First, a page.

LIANE HANSEN, host:
One of the most honored British filmmakers to emerge in the last decade is someone you've probably never heard of, Pawel Pawlikowski. His BBC documentaries won many prizes, as did his 2001 feature film "Last Resort." His latest, "My Summer of Love," was named best British film of 2004 by that country's Academy of Film and Television Arts. "My Summer of Love" has just opened in the United States, and critics here are praising it as well.
The plot is ever so English: a fateful encounter between two girls from different classes. However, as Pat Dowell reports, the director takes anything but the typical English approach to the subject.
PAT DOWELL reporting:
Pawel Pawlikowski is used to seeing things a bit differently from those around him. Take Yorkshire, a part of England that's notoriously cold and rainy. In "My Summer of Love," Yorkshire looks sunny and warm.
(Soundbite of animal sounds from "My Summer of Love")
Mr. PAWEL PAWLIKOWSKI (Filmmaker): Precisely. Because everyone imagines it a certain way, we try and shoot it differently. We tried to, first of all, introduce rich, saturated colors; also, eliminate the--too much information from the picture, you know, so just concentrate on the key features--very few...
(Soundbite from "My Summer of Love")
Unidentified Woman #1: What's your name?
Ms. NATHALIE PRESS: (As Mona) Mona.
Mr. PAWLIKOWSKI: ...and try and shoot it in a certain light to kind of--to bring out the sculpture of the terrain differently. You know, it was a way of estranging England maybe, making it look unfamiliar, but also actually drawing attention to how it really looks if only one tries to do something photographic with it--you know, actually tries to transform it. But I still wouldn't go there on holiday if I were you.
DOWELL: Pawlikowski seems almost proud of being an outsider, a situation in which he found himself in the 1970s as a Polish teen-ager carted off to Britain after his parents divorced.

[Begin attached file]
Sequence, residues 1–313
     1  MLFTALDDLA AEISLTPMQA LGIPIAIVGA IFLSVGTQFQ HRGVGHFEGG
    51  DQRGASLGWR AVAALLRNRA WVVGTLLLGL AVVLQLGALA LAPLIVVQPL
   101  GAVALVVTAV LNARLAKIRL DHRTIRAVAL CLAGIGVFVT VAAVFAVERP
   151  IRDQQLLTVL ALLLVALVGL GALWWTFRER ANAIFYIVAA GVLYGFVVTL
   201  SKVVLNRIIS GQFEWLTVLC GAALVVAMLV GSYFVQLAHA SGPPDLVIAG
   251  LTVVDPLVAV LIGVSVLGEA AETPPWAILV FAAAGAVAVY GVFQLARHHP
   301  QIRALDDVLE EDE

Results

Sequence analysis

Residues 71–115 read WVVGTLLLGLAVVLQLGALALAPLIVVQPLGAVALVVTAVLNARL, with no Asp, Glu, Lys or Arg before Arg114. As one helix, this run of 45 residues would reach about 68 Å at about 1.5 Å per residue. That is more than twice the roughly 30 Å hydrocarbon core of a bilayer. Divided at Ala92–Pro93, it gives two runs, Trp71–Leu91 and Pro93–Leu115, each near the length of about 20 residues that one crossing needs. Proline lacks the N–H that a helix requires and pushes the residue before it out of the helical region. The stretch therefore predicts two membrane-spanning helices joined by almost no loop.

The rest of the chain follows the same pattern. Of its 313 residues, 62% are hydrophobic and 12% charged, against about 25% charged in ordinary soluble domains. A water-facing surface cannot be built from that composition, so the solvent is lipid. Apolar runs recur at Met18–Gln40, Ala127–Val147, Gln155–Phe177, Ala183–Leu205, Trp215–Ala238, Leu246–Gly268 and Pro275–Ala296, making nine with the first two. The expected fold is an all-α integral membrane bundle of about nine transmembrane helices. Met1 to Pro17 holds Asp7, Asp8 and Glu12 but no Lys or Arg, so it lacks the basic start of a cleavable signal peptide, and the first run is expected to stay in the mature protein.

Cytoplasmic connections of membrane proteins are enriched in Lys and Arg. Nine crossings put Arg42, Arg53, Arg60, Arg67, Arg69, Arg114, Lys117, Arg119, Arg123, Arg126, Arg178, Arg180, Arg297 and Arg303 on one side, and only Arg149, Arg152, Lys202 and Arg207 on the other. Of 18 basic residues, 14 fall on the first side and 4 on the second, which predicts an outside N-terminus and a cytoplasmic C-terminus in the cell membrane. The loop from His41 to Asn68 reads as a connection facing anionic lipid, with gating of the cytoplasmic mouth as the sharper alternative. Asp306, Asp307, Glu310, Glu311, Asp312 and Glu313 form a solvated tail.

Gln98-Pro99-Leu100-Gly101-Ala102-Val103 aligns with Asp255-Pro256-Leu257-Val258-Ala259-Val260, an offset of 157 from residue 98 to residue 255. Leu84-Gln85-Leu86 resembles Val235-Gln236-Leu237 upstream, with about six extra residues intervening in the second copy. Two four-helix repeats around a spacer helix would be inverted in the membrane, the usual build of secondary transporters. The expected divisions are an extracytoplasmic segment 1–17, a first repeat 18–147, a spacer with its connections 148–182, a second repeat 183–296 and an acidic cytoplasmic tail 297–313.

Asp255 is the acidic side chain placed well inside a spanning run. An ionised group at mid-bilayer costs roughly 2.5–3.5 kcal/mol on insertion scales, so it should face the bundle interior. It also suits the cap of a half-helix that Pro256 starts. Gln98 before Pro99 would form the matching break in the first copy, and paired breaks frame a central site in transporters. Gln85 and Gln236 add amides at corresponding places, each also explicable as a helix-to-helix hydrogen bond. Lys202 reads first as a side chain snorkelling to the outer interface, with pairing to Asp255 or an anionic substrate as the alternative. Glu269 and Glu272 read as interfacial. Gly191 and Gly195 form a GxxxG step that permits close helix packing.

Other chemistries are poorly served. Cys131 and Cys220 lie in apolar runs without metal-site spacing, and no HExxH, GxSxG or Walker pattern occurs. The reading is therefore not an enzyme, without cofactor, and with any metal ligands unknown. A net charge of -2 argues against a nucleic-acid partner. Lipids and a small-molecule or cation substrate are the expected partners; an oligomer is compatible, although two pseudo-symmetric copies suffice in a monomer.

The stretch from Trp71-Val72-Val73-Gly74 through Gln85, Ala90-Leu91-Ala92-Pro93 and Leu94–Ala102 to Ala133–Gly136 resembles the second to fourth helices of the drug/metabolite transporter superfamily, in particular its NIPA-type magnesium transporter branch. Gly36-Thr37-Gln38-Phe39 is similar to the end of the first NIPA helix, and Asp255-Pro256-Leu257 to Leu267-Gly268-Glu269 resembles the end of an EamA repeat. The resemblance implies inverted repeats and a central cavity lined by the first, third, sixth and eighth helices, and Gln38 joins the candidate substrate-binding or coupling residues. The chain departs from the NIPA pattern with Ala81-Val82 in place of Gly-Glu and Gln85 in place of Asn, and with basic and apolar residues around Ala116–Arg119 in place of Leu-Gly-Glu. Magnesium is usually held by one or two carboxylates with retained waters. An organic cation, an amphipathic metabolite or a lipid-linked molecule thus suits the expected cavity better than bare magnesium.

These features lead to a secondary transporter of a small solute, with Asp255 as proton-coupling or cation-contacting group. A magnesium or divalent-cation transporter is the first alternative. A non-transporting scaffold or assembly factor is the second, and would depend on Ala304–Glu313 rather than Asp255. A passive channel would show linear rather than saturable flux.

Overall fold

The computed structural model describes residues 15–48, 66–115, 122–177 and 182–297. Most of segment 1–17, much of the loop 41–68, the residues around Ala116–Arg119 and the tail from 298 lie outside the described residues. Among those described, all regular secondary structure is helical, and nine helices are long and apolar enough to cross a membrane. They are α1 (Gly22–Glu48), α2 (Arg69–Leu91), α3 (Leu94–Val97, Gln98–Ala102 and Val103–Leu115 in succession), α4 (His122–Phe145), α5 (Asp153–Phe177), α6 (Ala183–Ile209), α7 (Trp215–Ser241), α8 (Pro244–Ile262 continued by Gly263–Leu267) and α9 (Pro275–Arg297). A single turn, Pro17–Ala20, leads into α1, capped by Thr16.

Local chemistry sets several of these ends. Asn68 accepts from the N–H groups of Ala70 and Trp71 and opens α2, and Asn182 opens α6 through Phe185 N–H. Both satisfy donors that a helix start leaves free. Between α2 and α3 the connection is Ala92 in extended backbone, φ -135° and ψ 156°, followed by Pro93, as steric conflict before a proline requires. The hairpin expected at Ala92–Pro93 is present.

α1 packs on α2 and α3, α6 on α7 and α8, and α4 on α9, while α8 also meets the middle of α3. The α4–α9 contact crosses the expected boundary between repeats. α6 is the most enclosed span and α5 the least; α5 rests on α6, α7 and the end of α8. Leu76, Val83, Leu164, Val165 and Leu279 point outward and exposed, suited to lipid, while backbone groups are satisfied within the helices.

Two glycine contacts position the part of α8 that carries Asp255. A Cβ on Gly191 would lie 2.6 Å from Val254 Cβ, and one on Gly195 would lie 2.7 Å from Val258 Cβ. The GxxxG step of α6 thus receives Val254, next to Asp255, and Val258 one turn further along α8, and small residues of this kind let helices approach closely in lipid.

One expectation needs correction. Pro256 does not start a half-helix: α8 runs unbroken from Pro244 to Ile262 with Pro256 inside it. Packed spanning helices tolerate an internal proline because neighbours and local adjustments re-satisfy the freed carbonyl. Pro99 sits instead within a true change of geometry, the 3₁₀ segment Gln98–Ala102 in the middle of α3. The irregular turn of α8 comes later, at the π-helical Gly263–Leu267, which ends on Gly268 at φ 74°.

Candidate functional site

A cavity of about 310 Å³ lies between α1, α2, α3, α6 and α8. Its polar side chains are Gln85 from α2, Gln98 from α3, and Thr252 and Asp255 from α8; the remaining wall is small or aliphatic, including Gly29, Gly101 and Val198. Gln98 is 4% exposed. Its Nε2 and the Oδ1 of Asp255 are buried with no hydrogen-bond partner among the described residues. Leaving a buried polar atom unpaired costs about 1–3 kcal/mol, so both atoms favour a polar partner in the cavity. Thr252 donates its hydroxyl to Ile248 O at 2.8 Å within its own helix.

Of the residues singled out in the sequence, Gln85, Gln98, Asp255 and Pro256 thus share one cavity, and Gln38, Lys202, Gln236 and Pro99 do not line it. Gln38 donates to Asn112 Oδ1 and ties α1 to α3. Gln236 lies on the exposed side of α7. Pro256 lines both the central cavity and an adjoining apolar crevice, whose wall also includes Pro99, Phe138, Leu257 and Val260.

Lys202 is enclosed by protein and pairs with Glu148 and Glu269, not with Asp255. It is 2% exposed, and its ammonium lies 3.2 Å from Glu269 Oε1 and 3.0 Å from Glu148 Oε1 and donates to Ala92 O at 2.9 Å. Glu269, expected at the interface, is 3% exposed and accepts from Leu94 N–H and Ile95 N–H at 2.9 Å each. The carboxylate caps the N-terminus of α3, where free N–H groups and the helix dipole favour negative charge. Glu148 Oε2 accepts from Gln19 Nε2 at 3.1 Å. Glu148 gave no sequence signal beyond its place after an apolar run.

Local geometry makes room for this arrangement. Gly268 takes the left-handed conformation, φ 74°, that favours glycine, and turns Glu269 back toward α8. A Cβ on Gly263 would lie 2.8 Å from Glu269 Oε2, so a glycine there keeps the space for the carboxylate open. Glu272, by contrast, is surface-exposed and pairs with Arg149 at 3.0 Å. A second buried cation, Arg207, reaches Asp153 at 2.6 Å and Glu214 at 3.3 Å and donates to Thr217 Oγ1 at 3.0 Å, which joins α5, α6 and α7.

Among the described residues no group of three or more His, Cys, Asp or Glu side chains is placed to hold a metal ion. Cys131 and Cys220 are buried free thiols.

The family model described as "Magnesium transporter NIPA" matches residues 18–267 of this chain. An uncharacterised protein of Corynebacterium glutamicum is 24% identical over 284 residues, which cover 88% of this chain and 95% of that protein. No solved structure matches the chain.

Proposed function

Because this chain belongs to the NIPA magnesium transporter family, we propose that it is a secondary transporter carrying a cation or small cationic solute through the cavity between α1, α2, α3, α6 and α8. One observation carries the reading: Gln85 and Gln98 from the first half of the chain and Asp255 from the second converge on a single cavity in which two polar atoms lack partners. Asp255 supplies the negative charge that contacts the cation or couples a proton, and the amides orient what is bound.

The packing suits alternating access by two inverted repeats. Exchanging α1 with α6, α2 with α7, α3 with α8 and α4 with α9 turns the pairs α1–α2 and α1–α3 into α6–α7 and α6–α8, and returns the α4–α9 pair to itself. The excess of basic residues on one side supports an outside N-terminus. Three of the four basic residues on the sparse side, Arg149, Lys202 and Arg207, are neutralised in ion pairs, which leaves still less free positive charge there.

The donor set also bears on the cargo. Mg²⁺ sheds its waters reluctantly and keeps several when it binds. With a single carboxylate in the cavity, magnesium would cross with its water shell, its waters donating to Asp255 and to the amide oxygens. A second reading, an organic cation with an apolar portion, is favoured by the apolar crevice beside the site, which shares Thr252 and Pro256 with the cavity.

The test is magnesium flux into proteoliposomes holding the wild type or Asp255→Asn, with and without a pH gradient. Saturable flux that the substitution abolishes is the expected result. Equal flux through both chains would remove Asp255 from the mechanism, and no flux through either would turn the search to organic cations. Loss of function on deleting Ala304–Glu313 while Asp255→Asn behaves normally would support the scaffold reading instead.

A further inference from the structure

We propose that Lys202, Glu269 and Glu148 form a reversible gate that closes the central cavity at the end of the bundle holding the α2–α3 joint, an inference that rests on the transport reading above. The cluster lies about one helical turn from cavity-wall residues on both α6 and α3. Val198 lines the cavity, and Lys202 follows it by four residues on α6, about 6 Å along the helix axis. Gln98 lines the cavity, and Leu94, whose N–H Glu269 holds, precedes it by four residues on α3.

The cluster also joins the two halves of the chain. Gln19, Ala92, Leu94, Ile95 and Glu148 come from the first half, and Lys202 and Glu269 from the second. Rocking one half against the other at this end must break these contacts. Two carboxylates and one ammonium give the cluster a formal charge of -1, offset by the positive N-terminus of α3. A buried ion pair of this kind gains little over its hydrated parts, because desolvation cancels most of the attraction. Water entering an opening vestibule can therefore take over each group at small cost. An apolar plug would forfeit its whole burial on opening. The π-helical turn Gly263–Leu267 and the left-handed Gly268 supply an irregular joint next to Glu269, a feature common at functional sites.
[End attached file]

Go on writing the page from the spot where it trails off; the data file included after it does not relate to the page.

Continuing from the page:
Mr. PAWLIKOWSKI: You know, when I came to England, I was 15, and I couldn't speak a word of it. And I was--you know, I didn't have any money, and my mother was busy with her own life. And, you know, I did spend a lot of time just looking in from outside, not quite understanding what's going on. You know, `Why are these people behaving so strangely?' And, of course, the English behave strangely anyway. But it does make you live in your own head a bit more and observe with greater sharpness possibly. But you can be an outsider without being a foreigner, you know. It's a choice you make or it's a character you have. I don't know.
DOWELL: It was certainly a cinematic choice for Pawlikowski. He started in the BBC making documentaries. And even though his subjects included Czech statesman Vaclav Havel and Russian politician, Vlad Zhirinovsky, these non-fiction films were often praised for seeming like fiction.
Mr. PAWLIKOWSKI: They have very little to do with the sort of Anglo-Saxon empirical approach to documentary. You know, they're sort of humble following people around in the so-called verite tradition.
DOWELL: Pawlikowski says he did not change his basic message when he began making fiction films. He finds the subjects that interest him enough to spend a couple of years on, and he begins writing and he keeps writing.
Mr. PAWLIKOWSKI: For me, writing is not just something you do behind a desk, you know. It's a kind of ongoing thing. And everything that happens to me, you know, when I location scout, which I do for weeks, I hike around a lot with my stills camera. But then every little encounter, every little bit of nature, anything that stimulates an idea, you know, I note down and then later at night or in two weeks' time I process it and either throw it away or put it in the script.
DOWELL: But he says he writes only the pivotal scenes before he casts the film. Nathalie Press, an actress who went from waiting tables to starring in the British film of the year, says when she auditioned, the script was a 30-page treatment.